Baritone and Soprano Saxophones
Generally speaking, most new saxophone students start off learning on either the alto or tenor. They are the easiest. The soprano and baritone saxophones have a few more issues that a beginner will face.
Although the soprano is smaller than the others, it is very difficult to play in tune. At least for the first little while. The baritone is very big and so will require more air. The intonation will be more difficult as well.
Having said that, I would encourage any student to start on the one they love the sound of the most. If you like them all the same, start on the alto!
The best thing to do is choose the one that you love the sound of the most. That’s the most obvious. If you don’t care and somebody’s giving you a certain horn, yeah, take lessons check out these videos learn how to play it.
The saxophone is easy to learn the fingering of course, and then takes a bit more time to develop a good tone, through your embouchure. and proper breathing. But all the little nuances that each of the different saxophones have can be overcome. Their problems can be overcome. All the notes are all the same fingering for all the saxophones. You have to transpose when you play with different instruments because of course, there’s the E flat and B flat. But on its own, the saxophone fingerings are all the same. Go for it! Less talking, more playing. See you later.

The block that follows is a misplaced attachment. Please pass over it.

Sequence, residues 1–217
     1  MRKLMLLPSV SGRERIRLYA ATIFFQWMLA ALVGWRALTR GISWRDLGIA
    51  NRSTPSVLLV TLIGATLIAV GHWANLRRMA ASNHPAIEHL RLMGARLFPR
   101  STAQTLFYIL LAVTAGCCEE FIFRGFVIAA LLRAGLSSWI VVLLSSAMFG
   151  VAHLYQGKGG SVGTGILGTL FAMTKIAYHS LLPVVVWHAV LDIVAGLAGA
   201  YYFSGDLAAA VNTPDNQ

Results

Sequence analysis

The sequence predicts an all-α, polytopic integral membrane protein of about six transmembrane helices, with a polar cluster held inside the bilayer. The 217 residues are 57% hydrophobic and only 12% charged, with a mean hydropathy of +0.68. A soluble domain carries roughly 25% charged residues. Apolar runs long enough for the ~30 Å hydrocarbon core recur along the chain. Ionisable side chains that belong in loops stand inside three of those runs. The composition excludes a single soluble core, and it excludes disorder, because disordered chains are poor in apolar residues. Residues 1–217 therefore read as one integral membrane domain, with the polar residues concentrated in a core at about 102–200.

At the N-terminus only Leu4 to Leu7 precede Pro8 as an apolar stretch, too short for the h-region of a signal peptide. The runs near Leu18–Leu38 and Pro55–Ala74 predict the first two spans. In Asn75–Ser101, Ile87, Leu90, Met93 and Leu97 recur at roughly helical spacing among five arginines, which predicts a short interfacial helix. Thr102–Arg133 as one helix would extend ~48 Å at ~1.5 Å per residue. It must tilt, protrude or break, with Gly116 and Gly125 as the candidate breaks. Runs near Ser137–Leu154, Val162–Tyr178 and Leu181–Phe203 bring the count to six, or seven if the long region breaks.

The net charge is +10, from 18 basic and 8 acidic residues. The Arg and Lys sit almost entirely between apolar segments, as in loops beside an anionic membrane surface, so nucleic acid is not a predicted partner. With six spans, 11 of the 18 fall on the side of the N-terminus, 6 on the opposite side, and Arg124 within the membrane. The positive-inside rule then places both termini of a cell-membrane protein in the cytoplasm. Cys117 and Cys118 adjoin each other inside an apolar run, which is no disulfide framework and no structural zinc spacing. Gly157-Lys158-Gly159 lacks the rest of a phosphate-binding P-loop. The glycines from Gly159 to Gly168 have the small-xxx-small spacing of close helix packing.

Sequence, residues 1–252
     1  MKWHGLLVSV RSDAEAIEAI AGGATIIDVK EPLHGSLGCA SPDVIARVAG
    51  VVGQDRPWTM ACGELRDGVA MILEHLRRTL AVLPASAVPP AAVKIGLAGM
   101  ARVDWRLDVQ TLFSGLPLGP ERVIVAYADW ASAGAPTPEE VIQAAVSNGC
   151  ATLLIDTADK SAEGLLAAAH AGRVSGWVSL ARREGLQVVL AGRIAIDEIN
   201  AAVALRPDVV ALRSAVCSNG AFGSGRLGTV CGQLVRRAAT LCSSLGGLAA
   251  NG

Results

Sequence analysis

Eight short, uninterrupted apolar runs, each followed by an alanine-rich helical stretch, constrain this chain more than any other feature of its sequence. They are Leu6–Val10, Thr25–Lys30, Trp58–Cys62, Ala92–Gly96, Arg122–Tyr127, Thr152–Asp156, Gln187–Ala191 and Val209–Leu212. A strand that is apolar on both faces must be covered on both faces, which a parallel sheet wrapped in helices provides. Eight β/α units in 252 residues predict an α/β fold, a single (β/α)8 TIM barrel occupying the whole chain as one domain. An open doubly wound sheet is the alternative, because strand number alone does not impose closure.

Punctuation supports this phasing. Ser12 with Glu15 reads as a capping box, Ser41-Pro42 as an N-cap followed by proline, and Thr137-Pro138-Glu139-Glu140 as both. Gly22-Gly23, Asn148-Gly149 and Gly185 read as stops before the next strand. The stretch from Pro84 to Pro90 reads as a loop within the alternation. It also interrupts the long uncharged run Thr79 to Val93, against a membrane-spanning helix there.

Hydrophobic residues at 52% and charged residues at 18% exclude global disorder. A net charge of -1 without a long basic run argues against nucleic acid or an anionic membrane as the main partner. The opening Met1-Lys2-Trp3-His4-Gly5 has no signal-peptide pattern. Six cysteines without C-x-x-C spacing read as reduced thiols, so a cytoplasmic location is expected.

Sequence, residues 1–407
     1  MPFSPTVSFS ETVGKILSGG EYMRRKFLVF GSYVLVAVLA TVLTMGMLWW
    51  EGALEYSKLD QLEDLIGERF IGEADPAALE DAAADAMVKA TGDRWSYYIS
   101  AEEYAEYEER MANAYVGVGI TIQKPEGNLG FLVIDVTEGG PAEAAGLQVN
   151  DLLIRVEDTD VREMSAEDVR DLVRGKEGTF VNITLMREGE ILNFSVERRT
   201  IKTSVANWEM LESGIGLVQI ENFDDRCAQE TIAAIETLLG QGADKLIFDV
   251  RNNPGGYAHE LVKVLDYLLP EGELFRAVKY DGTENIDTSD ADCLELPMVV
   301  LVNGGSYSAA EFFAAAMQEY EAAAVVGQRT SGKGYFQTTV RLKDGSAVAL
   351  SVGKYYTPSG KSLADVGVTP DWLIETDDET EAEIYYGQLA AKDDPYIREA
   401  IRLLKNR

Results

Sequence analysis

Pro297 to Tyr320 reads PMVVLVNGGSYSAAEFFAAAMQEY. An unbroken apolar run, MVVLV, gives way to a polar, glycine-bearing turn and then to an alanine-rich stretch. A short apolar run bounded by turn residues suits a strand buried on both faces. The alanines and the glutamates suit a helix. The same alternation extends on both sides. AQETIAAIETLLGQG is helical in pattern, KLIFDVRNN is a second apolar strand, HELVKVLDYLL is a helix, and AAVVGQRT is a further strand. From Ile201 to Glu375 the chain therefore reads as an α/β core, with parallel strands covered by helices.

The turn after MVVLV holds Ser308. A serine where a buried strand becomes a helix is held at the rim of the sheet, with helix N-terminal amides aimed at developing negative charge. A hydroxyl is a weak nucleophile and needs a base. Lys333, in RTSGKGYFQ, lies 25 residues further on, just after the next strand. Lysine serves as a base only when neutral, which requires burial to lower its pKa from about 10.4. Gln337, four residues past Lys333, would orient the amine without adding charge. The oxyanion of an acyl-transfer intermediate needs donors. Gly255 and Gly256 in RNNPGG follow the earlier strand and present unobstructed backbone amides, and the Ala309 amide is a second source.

By the way, if you’re interested in tips on buying a saxophone check out the article I have written on that as well.
Rent vs Buying
In many circumstances it makes great sense for someone to rent a sax at first. If you’re unsure if you’ll really stick with it or for a school kid who may drop it in a few months.
Many large music store have a rental department and you can be assured the horn you rent from them will be in good playing condition since they have them routinely checked by a repair person. This may not be the case if you’re buying one privately.
A monthly rental for a saxophone is quite reasonable and you’ll know after a few months if you’ll want to keep at it or not and then move on with a decision to start shopping around for one to buy.
All saxophones, except for the C melody which is no longer in production, are transposing instruments. This means that when you play a C on a saxophone, that C will not be a regular concert C as when played on the piano. The alto is called an E flat because when you play a C it sounds Eb on the piano. When you play a C on the tenor it sounds Bb on the piano, that’s why it’s called a Bb tenor. This theory can be difficult to understand at first. I have a more detailed article which explains the saxophone keys theory in more detail.
Are you any closer in answering the question “which saxophone should I play?” Let me know if you have any questions about this. Also, keep this in mind: Deciding on which saxophone to play doesn’t need to be a long and laboring process because you can always switch to another one later!